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Emotional safety during examinations

Mid-year exams have begun and with crunch time comes emotional upheaval. However, it is manageable and should not deter you from the end-goal of succeeding in your studies while maintaining high mental health standards.

“The exam period is a time when stress and anxiety levels are higher than usual. Stress can be positive and help you stay motivated and focused. However, too much stress can be unhelpful and can make you feel overwhelmed, confused, exhausted and edgy,” says Dr Melissa Barnaschone, Director of Student Counselling and Development at the University of the Free State (UFS).

According to Helpguide.Org: Trusted guide to mental & emotional health, “Mental and emotional health is about being happy, self-confident, self-aware, and resilient. People who are mentally healthy are able to cope with life’s challenges and recover from setbacks. But mental and emotional health requires knowledge, understanding, and effort to maintain. If your mental health isn’t as solid as you’d like it to be, here’s the good news: there are many things you can do to boost your mood, build resilience, and get more enjoyment out of life.”

For further details on topics including: Building Better Mental Health, Emotional Intelligence Toolkit, Benefits of Mindfulness, Improving Emotional Intelligence (EQ), Cultivating Happiness, visit the Help Guide. 

Dr Barnaschone has a few tips on how Kovsies can better approach academic anxiety during the examination period. Here is what she has to say:

News Archive

Council approves Transformation roadmap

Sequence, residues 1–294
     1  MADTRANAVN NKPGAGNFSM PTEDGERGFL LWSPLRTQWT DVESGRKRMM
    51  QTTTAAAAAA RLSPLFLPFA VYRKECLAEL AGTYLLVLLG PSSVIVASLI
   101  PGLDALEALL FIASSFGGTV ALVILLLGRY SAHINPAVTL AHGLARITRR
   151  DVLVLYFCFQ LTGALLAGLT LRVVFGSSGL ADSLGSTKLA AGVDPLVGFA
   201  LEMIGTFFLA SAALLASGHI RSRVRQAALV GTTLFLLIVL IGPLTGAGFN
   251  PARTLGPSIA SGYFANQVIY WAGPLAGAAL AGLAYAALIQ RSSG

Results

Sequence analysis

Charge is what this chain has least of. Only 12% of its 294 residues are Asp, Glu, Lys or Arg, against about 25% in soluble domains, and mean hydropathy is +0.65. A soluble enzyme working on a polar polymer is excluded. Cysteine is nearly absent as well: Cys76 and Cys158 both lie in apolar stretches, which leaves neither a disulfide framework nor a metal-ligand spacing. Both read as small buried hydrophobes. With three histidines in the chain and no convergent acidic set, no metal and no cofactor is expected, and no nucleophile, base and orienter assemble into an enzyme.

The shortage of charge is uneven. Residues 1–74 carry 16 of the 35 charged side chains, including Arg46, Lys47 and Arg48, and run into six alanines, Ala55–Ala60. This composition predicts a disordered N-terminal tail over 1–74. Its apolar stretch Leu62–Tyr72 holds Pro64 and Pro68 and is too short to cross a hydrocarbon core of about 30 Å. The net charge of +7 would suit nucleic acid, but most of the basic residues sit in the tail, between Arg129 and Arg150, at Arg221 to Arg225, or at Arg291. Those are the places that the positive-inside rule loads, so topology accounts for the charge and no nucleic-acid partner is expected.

2007-06-08

The Council of the University of the Free State (UFS) today (Friday 8 June 2007) approved a comprehensive Transformation Plan in an effort to deepen and accelerate transformation at the UFS.

According to the Rector and Vice-Chancellor of the UFS, Prof. Frederick Fourie, transformation projects will be undertaken in key areas of university life, such as:

  • the institutional culture of the UFS;
  • the core academic business of the university ;
  • governance and management of the institution;
  • as well as a specific focus on employment equity.

Prof. Fourie said the UFS now has a very comprehensive transformation roadmap of what must be done, when it must be done and who is responsible for implementation.

“In other words, we have a do-able plan of action”, said Prof. Fourie. He said the plan is based on the belief that the UFS should treasure diversity as a source of strength and quality.

The plan is an outcome of several consultative processes, including the work of a Transformation Plan Task Team that was specifically established to do the initial thinking and liaison with stakeholders to map out critical transformation issues.
He said the overarching objective of the plan is to establish the UFS as an excellent, non-racial, non-sexist, multicultural and multilingual university, where all staff and students can experience a sense of belonging.

Prof. Fourie said one of the top priority projects of the plan has already been achieved, namely the approval by the UFS Council of new policy guidelines to increase diversity in student residences.

The new policy guidelines were approved by the Council today (Friday 8 June 2007) and are grounded in an educational approach that is grounded in the benefits of learning and living in a diverse environment.

Other projects outlined in the Transformation Plan include among others:

  • ongoing diversity sensitisation for staff and students
  • an investigation into the possibility of a diversity module for first year students
  • a project to establish the key elements of and ways of cultivating a sense of belonging among staff and students.

In the academic terrain the plan seeks to heighten the responsiveness of the UFS as a research institution specifically with regard to the New Partnership for Africa’s Development (NEPAD), the Millennium Development Goals of the United Nations as well as the Accelerated and Shared Growth Initiative for South Africa (ASGISA), and the HIV/AIDS pandemic among others. The inclusion of indigenous knowledge systems in curricula as far as is possible will also be investigated.

Media release
Issued by: Lacea Loader
Assistant Director: Media Liaison
Tel: 051 401 2584
Cell: 083 645 2454
E-mail: loaderl.stg@ufs.ac.za
8 June 2007
 

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